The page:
A Government minister says he expects Ireland will see a 'much more expanded' booster campaign for the general population.
Minister Simon Harris was speaking as doses are currently being given out to those over-60, however it is likely this will be expanded.
The World Health Organsiation (WHO) has reiterated that rich nations should 'hold off' on boosters to leave supplies for poorer nations.
WHO director-general Tedros Ghebreyesus said low-income nations still are not getting sufficient supplies of vaccines.
He said: "No more boosters should be administered, except to immunocompromised people.
"Most countries with high vaccine coverage continue to ignore our call for a global moratorium on boosters, at the expense of health workers and vulnerable groups in low-income countries who are still waiting for the first dose."
While its Special Envoy on COVID-19, Dr David Nabarro, made a direct appeal to Ireland earlier this year.
"We say it to Ireland, because you're on the United Nations Security Council, you're a hugely respected country by nations all over the world," Dr Nabarro said.
"If Ireland can stand up and say 'We don't think there's a case for our people to be given booster shots, at least not now', then perhaps other countries will listen.
"Perhaps even your neighbour next door might listen, who knows, because they need to also shift their policies".
Minister Simon Harris told The Hard Shoulder while numbers are rising, hospitalisations are not.
"Worried, and at the same time, some signs for optimism.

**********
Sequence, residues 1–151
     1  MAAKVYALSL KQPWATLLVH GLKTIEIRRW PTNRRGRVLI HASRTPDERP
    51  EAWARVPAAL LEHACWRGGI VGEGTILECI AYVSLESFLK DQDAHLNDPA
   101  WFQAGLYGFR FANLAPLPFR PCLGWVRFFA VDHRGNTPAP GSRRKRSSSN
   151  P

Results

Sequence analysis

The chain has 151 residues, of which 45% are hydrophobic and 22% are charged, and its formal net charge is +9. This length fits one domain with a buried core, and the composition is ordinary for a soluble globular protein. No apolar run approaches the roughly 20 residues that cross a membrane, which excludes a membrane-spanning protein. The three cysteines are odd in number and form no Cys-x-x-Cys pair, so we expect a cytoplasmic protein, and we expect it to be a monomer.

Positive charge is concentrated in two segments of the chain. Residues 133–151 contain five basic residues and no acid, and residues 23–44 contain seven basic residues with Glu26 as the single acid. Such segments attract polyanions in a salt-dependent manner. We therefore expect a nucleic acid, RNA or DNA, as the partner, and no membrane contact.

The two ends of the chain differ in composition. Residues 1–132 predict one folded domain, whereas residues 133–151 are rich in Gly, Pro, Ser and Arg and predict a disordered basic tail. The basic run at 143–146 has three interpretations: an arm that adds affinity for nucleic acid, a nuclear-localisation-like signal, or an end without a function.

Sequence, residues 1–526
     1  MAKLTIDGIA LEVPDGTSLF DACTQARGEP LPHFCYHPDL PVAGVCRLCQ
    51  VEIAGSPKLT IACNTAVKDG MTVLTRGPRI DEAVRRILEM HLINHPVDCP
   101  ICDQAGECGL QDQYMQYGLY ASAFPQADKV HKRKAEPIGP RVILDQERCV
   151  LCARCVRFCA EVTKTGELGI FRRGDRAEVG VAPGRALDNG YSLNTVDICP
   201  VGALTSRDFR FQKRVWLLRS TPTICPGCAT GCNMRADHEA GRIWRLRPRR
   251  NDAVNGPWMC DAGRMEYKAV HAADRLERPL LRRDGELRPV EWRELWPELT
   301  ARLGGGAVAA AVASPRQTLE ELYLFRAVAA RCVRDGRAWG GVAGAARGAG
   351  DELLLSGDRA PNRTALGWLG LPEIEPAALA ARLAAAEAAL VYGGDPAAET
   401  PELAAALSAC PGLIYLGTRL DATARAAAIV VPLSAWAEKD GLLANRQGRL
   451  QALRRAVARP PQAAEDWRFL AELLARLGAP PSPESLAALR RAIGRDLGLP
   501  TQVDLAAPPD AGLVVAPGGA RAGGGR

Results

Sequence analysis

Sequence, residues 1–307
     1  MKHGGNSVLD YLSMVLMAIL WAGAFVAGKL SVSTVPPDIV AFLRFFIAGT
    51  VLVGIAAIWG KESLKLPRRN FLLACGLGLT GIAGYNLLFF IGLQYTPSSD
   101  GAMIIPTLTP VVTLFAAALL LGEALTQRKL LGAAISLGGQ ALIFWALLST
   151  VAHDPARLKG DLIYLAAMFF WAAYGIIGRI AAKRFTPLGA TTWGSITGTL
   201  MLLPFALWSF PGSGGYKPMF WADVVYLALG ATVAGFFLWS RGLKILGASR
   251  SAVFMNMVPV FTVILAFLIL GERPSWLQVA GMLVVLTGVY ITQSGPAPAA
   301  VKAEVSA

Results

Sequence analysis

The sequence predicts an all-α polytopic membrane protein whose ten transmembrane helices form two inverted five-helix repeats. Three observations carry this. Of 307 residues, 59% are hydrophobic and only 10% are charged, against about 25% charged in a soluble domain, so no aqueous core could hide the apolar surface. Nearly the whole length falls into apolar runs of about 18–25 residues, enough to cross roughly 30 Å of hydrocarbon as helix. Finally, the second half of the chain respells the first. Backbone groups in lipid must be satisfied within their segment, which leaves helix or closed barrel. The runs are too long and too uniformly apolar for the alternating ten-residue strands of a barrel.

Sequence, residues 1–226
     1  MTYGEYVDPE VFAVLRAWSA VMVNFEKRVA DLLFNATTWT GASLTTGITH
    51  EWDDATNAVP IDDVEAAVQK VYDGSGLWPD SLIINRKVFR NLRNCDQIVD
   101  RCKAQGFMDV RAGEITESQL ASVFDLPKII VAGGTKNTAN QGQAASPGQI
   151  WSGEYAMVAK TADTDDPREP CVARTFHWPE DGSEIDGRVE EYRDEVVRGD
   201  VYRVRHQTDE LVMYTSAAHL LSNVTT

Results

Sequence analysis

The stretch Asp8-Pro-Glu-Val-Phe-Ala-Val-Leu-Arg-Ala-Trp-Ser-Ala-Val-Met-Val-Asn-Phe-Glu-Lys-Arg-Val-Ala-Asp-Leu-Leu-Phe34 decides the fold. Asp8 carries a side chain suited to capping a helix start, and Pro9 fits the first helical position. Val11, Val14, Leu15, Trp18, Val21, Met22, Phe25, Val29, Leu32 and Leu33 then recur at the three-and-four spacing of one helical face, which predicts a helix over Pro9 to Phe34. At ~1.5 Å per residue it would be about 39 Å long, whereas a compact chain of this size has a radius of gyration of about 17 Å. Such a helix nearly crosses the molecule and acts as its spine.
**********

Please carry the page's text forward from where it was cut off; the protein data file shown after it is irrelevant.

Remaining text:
"It's kind of a peculiar situation - the case numbers very very high - the case numbers are clearly rising.
"But the hospital numbers are falling; so we're down to 76 people in ICU today compared to 90 yesterday.
"And of course we think of all them, they're not numbers, they're seriously ill people.
"But this this is what living with COVID looks like.
"We're seeing lots of people, yes, getting COVID - we're also seeing them getting COVID in the context of 92%+ of us being fully vaccinated."
Minister Harris says the booster campaign should be expanded, but this will be based on medical advice.
"I think there's three parts to it: I think there's the rollout of the booster campaign, over-60s now starting, healthcare workers.
"I would certainly think we're going to see a much more expanded booster campaign, and I think we should.
"But we'll be guided by medical advice on that".
And he says better use of antigen testing - as well as people continuing to use "cop on" as they have throughout the pandemic - will also contribute.
Earlier, Tánaiste Leo Varadkar said more boosters are set to be given out.
"I think it will make sense to extend the booster programme to the wider population - really any adult who is more than six months after their second dose.
"But the next group that we're examining is people under-60 with a medical condition.
"And the absolute focus now is on getting it out to the people over-60 through their GPs, through the pharmacies and through the vaccine centres - and that's going really well".